RED LADY: A Gift From God


Zac B. Sarian (left) interviews Known-You Chairman Chen Lung-Mu in his office in Kaohsiung. At right is Neo Wang of KY Philippines.

When we asked Chairman Chen Lung-Mu what he would consider the most remarkable hybrid that Known-You has had in its 50 years of developing and distributing seeds of high-value crops, he raised his right hand pointing upwards and readily answered: “Red Lady Papaya. It’s a Gift from God.”

Red Lady has been a bestseller for the last 20 years and continues to be so up to these days. There’s no sign that farmers are getting tired of it. It is an all-time favorite in the Philippines and also in other countries like India, Vietnam, Indonesia and in Latin American countries. Ironically, it is not so in Taiwan because the Taiwanese love another home grown variety, Tainung No.2.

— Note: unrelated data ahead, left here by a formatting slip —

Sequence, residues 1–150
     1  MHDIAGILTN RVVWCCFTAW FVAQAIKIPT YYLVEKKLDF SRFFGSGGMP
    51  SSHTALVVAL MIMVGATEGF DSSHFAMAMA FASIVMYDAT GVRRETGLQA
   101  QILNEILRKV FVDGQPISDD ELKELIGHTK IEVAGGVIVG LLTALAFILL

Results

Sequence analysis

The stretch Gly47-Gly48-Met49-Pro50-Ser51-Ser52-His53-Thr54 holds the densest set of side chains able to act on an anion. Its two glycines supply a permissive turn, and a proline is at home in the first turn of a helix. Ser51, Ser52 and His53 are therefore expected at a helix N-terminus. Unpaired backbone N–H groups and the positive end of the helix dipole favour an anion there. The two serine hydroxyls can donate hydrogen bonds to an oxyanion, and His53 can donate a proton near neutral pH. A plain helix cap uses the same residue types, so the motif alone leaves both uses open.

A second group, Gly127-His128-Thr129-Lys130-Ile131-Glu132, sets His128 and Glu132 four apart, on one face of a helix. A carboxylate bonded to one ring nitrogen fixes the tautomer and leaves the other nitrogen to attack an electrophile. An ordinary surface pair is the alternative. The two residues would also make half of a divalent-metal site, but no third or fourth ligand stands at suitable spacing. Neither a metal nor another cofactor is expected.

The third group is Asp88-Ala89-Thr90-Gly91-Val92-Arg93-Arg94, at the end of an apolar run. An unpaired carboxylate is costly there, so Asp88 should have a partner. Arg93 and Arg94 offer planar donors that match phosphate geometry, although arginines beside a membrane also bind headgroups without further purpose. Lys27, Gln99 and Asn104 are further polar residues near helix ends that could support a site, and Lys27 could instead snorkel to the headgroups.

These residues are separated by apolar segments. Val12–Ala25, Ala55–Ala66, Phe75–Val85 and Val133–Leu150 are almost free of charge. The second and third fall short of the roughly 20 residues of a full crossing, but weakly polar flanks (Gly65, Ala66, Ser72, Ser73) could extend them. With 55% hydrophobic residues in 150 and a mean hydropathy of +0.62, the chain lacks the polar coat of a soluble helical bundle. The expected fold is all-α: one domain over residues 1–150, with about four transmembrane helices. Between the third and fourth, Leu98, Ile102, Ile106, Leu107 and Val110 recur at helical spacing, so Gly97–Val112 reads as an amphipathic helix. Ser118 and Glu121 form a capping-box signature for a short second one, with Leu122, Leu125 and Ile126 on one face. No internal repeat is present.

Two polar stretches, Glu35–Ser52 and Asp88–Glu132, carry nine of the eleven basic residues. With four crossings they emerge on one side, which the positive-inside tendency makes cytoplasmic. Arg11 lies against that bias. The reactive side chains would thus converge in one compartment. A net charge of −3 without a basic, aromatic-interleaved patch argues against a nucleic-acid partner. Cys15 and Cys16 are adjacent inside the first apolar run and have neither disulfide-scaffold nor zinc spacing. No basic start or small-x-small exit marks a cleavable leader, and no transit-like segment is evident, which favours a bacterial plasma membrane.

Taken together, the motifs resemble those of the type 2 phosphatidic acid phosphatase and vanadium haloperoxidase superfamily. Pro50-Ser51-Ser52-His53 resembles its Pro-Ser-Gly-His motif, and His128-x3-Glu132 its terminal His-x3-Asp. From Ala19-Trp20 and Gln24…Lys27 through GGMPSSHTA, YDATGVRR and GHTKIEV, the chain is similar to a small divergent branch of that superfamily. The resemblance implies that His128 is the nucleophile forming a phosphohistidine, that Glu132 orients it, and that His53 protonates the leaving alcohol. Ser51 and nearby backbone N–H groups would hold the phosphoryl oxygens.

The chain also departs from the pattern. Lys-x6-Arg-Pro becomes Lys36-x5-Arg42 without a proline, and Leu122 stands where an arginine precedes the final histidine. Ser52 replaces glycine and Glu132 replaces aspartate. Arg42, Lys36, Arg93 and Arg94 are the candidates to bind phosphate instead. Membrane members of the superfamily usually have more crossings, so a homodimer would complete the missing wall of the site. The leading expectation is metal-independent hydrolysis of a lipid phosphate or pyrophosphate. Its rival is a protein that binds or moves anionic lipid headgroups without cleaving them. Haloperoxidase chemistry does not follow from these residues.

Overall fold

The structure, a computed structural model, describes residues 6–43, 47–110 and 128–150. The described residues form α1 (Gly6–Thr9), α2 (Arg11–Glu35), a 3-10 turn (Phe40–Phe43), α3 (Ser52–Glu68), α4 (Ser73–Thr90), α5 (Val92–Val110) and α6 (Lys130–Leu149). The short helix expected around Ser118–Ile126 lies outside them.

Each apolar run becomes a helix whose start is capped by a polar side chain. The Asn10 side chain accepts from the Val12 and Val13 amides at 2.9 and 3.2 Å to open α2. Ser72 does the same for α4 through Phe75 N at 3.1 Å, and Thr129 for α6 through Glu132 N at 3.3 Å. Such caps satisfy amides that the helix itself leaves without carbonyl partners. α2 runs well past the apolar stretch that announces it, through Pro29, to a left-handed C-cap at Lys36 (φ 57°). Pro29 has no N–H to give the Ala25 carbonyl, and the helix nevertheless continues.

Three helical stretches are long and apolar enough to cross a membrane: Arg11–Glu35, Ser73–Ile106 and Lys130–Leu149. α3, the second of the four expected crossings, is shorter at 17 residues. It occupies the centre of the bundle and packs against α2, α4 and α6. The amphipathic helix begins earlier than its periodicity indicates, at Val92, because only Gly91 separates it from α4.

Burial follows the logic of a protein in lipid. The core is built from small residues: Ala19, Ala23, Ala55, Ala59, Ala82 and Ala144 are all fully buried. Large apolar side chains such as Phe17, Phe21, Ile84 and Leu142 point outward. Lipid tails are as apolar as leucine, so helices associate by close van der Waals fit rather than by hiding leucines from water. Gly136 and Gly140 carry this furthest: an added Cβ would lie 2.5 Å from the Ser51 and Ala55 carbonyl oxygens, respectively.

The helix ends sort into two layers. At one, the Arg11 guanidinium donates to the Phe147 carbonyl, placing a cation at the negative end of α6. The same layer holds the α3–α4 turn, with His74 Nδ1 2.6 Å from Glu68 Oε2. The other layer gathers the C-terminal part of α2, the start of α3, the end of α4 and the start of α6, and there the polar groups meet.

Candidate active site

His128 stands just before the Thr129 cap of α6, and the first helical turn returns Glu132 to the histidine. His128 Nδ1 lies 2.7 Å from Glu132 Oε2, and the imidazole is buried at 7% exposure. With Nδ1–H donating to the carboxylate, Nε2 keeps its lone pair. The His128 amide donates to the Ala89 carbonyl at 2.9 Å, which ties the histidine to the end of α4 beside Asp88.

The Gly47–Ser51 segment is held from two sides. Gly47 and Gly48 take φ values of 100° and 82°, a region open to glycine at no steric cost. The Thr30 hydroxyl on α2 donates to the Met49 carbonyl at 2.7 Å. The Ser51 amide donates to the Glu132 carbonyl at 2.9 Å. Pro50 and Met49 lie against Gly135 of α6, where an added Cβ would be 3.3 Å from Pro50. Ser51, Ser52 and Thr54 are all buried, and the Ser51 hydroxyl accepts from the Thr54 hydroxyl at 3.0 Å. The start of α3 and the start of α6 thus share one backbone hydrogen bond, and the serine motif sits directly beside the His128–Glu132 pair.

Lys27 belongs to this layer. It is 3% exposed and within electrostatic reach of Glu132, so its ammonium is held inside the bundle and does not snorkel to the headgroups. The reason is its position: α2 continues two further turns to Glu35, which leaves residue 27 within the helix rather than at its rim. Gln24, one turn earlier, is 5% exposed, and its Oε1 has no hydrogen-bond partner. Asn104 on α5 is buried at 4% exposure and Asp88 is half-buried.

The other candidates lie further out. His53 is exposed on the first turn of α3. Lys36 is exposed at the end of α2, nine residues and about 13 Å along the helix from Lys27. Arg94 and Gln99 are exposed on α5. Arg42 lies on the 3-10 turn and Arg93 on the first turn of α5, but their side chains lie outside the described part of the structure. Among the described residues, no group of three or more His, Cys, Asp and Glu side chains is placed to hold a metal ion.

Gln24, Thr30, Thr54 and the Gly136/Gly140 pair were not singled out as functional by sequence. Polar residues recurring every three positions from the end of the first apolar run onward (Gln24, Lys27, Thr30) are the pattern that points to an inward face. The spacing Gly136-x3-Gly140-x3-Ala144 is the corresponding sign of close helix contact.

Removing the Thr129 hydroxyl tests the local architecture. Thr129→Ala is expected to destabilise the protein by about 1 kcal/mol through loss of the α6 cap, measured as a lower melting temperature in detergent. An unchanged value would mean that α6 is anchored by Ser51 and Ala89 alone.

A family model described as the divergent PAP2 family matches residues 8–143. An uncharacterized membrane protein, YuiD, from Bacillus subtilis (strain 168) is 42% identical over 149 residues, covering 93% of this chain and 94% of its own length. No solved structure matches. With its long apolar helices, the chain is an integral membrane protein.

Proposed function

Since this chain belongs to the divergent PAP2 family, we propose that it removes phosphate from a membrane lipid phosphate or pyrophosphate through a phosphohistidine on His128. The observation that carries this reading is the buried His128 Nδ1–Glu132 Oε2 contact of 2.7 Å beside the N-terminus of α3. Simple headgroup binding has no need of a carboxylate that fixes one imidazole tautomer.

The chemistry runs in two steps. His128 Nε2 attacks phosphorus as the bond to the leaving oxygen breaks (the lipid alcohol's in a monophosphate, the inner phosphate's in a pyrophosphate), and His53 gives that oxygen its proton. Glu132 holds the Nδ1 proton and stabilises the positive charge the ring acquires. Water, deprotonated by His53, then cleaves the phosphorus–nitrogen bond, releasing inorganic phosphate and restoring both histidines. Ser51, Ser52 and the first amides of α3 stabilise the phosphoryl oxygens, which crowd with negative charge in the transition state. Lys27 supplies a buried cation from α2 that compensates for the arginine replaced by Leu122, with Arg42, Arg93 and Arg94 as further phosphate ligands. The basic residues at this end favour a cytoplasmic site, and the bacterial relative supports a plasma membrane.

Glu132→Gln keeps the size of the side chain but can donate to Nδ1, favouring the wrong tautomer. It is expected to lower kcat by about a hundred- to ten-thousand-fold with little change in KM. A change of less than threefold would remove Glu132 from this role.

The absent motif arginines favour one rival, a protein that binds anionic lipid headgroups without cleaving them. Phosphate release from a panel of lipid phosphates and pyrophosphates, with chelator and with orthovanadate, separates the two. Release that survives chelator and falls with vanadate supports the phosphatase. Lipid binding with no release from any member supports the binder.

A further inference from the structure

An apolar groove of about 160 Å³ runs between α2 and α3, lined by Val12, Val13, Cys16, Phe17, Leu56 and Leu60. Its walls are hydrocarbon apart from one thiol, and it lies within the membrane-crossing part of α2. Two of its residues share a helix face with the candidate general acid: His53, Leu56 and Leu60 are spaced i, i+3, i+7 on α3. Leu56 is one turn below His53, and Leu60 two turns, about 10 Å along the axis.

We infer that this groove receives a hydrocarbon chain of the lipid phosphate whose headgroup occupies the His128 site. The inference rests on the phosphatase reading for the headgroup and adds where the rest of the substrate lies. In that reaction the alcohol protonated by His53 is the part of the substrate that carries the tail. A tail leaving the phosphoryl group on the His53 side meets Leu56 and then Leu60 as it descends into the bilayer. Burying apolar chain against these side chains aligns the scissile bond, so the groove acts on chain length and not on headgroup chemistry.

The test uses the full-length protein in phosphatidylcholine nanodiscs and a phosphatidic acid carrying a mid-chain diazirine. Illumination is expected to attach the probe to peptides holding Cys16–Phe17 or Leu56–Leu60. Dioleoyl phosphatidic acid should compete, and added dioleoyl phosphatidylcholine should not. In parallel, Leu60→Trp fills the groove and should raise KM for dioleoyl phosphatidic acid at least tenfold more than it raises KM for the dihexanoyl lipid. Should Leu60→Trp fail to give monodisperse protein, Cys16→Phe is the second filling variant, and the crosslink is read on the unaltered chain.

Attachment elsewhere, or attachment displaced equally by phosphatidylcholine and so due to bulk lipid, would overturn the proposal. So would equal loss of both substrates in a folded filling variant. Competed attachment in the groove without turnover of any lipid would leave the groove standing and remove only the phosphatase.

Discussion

Farmers in many countries love Red Lady for a number of good reasons. It has excellent eating quality – sweet with firm red flesh. It is highly productive and more tolerant to diseases than other hybrids, especially the papaya ring spot virus (PRSV).

Many farmers have become rich, thanks to Red Lady. Most are making money from their harvest of fruits. But there are others who are also making good income by producing seedlings for sale. Here’s how profitable it is to produce seedlings for sale. A packet of 750 seeds costs P3,405 in the market.  If you are an expert in producing papaya seedlings you can sprout practically every seed. But let us say, out of the 750 seeds you are able to produce 700 healthy seedlings. Each one sells at P35 to P50 in the retail market.

Let’s say you sell them at P35 apiece. The 700 seedlings would be worth P24,500. Add to the cost of seeds expenses for seedling tray, black plastic nursery bag, potting medium, fungicide and other costs like marketing expenses and labor. That would probably amount to not more than P8,000. So there’s a very good margin for a growing cycle of 45 days.





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